4 Min Read
* Netanyahu fears Islamic ambush at conference
* Sends a deputy in his place to Washington
* Republicans say Obama is snubbing Israel
(Adds background, Netanyahu quotes)
By Douglas Hamilton and Dan Williams
JERUSALEM, April 9 (Reuters) - Israeli Prime Minister Benjamin Netanyahu has cancelled a planned trip to Washington next week for President Barack Obama's 47-country nuclear security conference.
He made the decision after learning Egypt and Turkey intended to raise the issue of Israel's assumed atomic arsenal at the meeting, a senior government official said on Friday.
Israel is believed to be the only nuclear-armed power in the Middle East, but has never confirmed or denied it. It has not signed the nuclear Non-Proliferation Treaty (NPT).
Netanyahu saw Obama at the White House late last month to discuss the stalled Israeli-Palestinian peace process. But they failed to see eye to eye and bilateral ties remain strained.
"The prime minister has decided to cancel his trip to Washington to attend the nuclear conference next week, after learning that some countries including Egypt and Turkey plan to say Israel must sign the NPT," the official said.
Deputy Israeli Prime Minister Dan Meridor will stand in for Netanyahu at the Nuclear Security Summit (NSS) on April 12-13.
Netanyahu's attendance would have been the first by an Israeli premier at an international nuclear forum. Aides said he originally agreed to go after being reassured by the United States that the NSS communique would focus on efforts to secure fissile material with no allusions to Israel's undeclared arms.
The NSS had also offered Netanyahu an opportunity to drum up support for sanctions against arch-foe Iran, which the West suspects of seeking nuclear weapons despite denials from Tehran. Neither Iran nor North Korea will attend the NSS.
"This conference is about nuclear terrorism," Netanyahu told reporters on Wednesday. "And I'm not concerned that anyone will think that Israel is a terrorist regime. Everybody knows a terrorist and rogue regime when they see one, and believe me they see quite a few -- around Israel."
Based on estimates of the plutonium production capacity of its Dimona reactor, Israel may have stockpiled 80 to 200 nuclear warheads since the late 1960s, independent experts say.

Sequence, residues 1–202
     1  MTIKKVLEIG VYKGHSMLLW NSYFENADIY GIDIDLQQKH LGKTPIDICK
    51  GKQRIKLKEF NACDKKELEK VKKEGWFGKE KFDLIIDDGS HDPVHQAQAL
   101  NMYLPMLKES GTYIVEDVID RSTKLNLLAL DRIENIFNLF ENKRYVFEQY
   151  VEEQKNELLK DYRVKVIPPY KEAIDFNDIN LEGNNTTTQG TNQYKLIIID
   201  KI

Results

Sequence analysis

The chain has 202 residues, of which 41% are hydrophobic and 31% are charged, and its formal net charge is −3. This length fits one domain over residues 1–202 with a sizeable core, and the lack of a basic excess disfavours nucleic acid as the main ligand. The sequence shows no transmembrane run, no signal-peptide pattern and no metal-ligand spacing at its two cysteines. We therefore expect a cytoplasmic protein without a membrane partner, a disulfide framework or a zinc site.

Israeli leaders do not comment on this capability under an "ambiguity" policy billed as warding off enemies while avoiding the kind of provocations that can trigger regional arms races.
The official reticence, and its tacit acceptance by the United States, has long aggrieved Arab and Muslim powers.
Like India and Pakistan -- both also slated to attend the NSS -- Israel is outside the NPT and thus avoids mandatory international inspections of its nuclear facilities. Unlike them, it has not openly tested or deployed atomic weapons.
Netanyahu had been expected to arrive late to the NSS due to Monday's Holocaust memorial ceremonies in Israel, and to spend an additional day in Washington after the summit's conclusion.
The White House had said Obama would not hold a separate working meeting with Netanyahu, given their recent talks. On Thursday, Netanyahu's office had said he might cut short his Washington trip to allow for a stop in New York en route home. News of Netanyahu's withdrawal from the NSS was noted by U.S. Republicans, who saw a snub by the Obama administration.
"Israel is our strongest ally in the Middle East and one of our strongest allies anywhere around this globe," Liz Cheney, daughter of former Vice President Dick Cheney, told the Southern Republican Leadership Conference in New Orleans.
"And President Obama is playing a reckless game of continuing down the path of diminishing America's ties to Israel." (Additional reporting by Joseph Nasr in Jerusalem and Steve Holland in New Orleans; editing by Andrew Roche)